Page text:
An Israeli court on Tuesday extended the detention without trial of a Jewish extremist suspected of attacks, after a request from the Shin Bet internal security agency, his lawyer said.
Meir Ettinger, a 23-year-old accused of being a key figure in a loose band of youths suspected of a string of nationalist hate crimes targeting Palestinians, Christians and even Israeli soldiers, has already been in administrative detention for seven months.
He was placed under the controversial measure in August, just days after a lethal firebomb attack on a Palestinian home in the West Bank which resulted in the death of a couple and their toddler.
Israel has charged two Jews over the attack but Ettinger has not been directly linked to the incident, which prompted a crackdown on Jewish extremists.
A number of Jews were arrested following the attack, but as of Tuesday only Ettinger is still in administrative detention after some were released and others charged, a legal group said.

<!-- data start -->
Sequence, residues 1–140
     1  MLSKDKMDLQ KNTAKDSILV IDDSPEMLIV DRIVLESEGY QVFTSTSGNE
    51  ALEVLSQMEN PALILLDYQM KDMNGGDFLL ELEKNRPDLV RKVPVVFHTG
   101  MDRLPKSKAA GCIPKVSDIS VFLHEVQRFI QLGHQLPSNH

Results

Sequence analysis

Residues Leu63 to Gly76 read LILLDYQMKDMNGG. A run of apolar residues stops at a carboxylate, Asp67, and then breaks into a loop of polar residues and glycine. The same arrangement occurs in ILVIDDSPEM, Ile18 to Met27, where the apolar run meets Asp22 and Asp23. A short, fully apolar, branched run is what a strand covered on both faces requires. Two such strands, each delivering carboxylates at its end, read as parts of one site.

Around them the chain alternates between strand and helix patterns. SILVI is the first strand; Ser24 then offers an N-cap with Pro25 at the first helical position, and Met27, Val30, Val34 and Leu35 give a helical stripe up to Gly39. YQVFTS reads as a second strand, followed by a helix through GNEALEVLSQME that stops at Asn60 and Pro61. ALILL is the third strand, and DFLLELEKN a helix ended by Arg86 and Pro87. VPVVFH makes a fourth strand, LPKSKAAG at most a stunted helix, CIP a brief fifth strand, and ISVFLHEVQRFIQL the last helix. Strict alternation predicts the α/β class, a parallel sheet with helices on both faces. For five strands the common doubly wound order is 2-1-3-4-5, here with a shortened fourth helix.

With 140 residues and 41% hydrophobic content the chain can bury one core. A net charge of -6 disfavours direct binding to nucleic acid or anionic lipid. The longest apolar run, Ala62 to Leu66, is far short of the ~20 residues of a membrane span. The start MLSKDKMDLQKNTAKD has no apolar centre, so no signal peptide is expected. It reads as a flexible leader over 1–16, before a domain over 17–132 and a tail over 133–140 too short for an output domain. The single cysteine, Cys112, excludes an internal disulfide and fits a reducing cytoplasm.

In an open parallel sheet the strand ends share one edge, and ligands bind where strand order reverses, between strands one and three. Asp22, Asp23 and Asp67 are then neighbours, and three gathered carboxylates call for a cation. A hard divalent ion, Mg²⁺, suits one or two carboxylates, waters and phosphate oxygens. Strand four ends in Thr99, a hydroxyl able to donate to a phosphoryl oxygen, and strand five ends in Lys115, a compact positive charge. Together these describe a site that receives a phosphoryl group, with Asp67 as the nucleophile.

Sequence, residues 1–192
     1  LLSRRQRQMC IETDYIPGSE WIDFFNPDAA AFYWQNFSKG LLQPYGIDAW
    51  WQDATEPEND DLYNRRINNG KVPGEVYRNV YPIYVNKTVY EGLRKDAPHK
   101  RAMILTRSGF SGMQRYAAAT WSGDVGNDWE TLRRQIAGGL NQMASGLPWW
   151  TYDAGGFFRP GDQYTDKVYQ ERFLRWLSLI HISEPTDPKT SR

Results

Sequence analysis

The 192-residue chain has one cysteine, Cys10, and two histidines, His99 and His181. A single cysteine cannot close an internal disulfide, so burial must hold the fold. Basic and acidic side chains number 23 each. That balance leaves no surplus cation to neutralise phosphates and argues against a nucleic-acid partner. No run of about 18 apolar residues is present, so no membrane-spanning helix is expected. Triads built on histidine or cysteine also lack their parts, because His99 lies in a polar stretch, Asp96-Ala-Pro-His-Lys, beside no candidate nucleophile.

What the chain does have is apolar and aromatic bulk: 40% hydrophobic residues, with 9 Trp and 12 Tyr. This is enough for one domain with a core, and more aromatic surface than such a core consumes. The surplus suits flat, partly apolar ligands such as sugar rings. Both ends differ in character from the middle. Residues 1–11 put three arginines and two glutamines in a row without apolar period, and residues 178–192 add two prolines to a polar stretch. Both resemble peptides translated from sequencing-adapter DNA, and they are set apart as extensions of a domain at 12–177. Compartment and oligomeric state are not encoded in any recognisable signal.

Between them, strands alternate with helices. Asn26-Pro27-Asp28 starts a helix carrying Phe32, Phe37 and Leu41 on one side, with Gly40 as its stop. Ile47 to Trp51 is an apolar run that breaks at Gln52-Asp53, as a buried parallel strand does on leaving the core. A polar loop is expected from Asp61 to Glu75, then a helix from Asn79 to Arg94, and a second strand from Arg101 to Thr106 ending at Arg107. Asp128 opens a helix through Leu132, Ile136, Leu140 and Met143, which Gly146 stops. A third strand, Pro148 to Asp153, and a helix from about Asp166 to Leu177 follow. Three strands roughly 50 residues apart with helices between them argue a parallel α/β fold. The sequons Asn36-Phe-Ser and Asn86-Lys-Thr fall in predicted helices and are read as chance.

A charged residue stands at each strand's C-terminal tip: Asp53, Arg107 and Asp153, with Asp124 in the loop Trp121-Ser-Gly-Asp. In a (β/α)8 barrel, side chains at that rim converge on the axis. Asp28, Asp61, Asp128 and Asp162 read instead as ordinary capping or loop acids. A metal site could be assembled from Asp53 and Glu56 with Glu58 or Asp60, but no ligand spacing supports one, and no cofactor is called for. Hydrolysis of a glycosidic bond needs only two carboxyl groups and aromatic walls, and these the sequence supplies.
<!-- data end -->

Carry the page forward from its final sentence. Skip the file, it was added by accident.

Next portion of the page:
A statement from Honenu, a legal organisation which defends right-wing Jewish extremists, said a District Court judge approved the Shin Bet’s request — also accepted by Defence Minister Moshe Yaalon — to extend Ettinger’s detention by four months.
Ettinger’s lawyer, Yuval Zemer, said the extended detention “just because of one’s opinions” marked “a sad day for democracy.”
“Today Ettinger’s opinions don’t have a pleasant ring to the regime’s ears, tomorrow it could be my opinions or those of any citizen,” he said in a statement relayed by Honenu.
Ettinger’s grandfather Meir Kahane founded Kach, a far-right movement that wanted to chase Arabs from Israel. Kahane was assassinated in New York in 1990.
Administrative detention is intended to allow authorities to hold suspects while continuing to gather evidence, with the aim of preventing further attacks in the meantime. It also allows authorities to avoid divulging sensitive intelligence in court proceedings.
Rights group B’Tselem said at the start of the year that Israel was holding 584 Palestinians under the controversial measure, including journalist Mohammed al-Qiq, who is three months into a hunger strike to protest his arrest.